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I would just like y’all to know that I made it home in good shape.  No one in Sweden or Denmark cared to check the date of entry in my passport, let alone to hassle me about staying too long in the Schengen Zone without a visa.  So all that worry and tension about leaving Europe was for nothing–Hey, I’m glad about that!

So now I have loads of work to do just to process the pictures, let alone the experience.  Already I have sold short profiles of cafes in Trieste and Venice, and hopefully in Heidelberg, to Specialty Coffee Retailer magazine (yes, it is a great mag, even if you don’t read it regularly).  So look for my stuff at least in the on-line edition.  Still to go is one more piece about cafes in Prague.

And I’m trying to get editors interested in an article on coffee museums I have known, from Quindio, Colombia to Forlimpopoli and Hamburg.  Everyone was so generous to me with time, conversation, gifts, even wonderful lunches.  Hurrah for coffee people!

My car may arrive in 2 weeks or in 6.  It will be great to have it here.

Viva Oxford, Ohio.  Pretty Ohio, I say.  You can live and breathe here, and if the administrators are not too dedicated to cultivating rudeness, you can work here.

Good coffee and travels to you!

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Here I sit in a hotel in Goeteborg (Gothenburg), Sweden, having turned in Das the car to Volvo.  Tomorrow, unless I’m arrested for not having a Schengen visa, I fly home.

What have I learned in more than 5 months in Europe?  First, that the kind of place I fear the most is a French parking garage.  2, that coffee people in Europe are just as great as in America or Latin America.  3, that Europe is not so very green.  4, that drinking by young Americans is bad, but that the worst are the Brits.  Americans drink too much in Europe, and they should figure out the drinking culture here before they come, but the worst drinking by our students occurs at home (search for Miami U. Ohio sororities and damage at their spring “proms.”)  I think that most Americans grow out of their college drinking, which doesn’t make it any less dangerous at the time.  5, I can still go many places and survive with no great problems.  I was sick one day here, not a bad record.  6, things don’t necessarily get better any time, any place.  If things are bad for you now, some great change many come along and improve your life, but that’s unlikely.  So have fun where you are.  7, Europe has come a long way since 1945, but individual countries are still extremely important, and progress in my view will depend on reducing that individuality even more.  Right now a citizen of the EU can work in theory in any EU country–except that the taxes, prices, and so forth are quite different.  And English is the lingua franca, but knowing it hardly solves the issue of talking to people.  8, I do like the food here better than in the US in general, and it’s certain that on the road you can get edible stuff in every country.  But easy on the butter, please!  9,  the coffee is almost always bad or mediocre, and they basically only serve espresso.  Don’t drink coffee in France.  10, don’t try to drive into most Italian cities.  11, Volvo is cool to deal with–very easy.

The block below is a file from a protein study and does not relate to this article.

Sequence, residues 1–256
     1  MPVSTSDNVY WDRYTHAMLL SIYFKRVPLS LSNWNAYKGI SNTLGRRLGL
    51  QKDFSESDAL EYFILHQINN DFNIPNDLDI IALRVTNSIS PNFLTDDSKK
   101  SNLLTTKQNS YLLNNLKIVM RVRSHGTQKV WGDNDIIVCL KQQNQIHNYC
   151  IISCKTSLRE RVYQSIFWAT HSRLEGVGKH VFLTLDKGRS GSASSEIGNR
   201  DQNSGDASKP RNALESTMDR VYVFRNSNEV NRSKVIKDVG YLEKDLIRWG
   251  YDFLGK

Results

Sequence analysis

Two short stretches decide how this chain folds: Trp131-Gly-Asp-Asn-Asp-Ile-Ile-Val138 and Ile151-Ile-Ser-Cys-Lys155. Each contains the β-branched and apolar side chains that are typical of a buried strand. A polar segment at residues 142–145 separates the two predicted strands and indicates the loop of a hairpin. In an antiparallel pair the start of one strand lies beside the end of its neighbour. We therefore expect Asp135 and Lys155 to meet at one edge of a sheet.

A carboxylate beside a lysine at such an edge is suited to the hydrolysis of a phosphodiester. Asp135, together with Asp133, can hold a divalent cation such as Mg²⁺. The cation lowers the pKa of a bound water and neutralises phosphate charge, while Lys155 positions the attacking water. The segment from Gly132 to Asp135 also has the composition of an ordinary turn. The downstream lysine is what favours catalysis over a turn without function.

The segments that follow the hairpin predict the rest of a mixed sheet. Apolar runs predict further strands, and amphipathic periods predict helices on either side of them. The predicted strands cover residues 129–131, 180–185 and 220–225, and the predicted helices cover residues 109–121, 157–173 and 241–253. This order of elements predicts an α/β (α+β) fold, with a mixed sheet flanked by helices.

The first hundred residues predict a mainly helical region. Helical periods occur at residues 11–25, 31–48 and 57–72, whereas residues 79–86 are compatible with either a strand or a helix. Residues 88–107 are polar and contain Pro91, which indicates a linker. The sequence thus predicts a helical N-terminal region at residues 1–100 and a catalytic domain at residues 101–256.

I spent the days from May 27 until June 8 partly at a conference on lynching around the world in Heidelberg.  Talk about mixed feelings–the issues are so emotional and political.  A valuable conference, and kudos to the German organizers for putting together a truly international cast that occasionally moved off the epicenter of lynching in everyone’s mind, the American South.  As for me, no more mass murder.  Once my book on lynching is out, I hope never to think about it again.  Fat chance.

But except for those 3 days at the conference, I was back in the world of coffee.  Have I said that the people are great?  I went to see wonderful cafes in Trieste, Venice, Padua, and Heidelberg (having seen some fine ones earlier in Prague).  Better yet, I went from coffee museum to coffee museum, in Forlimpopoli and Modena, Italy; Zuoz and Lugano, Switzerland; and Hamburg.  In Zuoz they simply unlocked the door for me and let me wander around.  In each place I was given books and other gifts–wine, coffee, shirts, e.g.  I saw gorgeous machines dating back as far as the mid-18th century.  People took me to lunch.  I took many pictures.  Why did I get such generous treatment?  Is my mug?  My manner?  Maybe–but people could simply tell that I was really interested.

I’ll put in a few pictures.  If you see this before the morning of June 10 arrives in Europe, say a prayer or cast a spell for me, so that I get home with no great trouble.

Home!  I will be so glad to get there!  There is no place like it, dontcha know!  An excellent sojourn in Europe, for the most part, but now I want to see my house, my dog, my bike, my yard, my wife, not necessarily in that order.  I don’t want to be a tourist for a long time.  Dealing with coffee at the end of the trip was not tourism, thank goodness, and I have sold some profiles of cafes to one mag, Specialty Coffee Retailer (catchy name, eh?) and hope to do more for them and a serious article on the museums.  But home is where I want to be.

A Vercelli steam coffee maker, early 20th c

Cagliari Coffee museum

The Burg Museum, Hamburg

A

Florian Cafe, Venice

Cafe Pedrocchi, Padua

And so ciao for now, Euro buffs!

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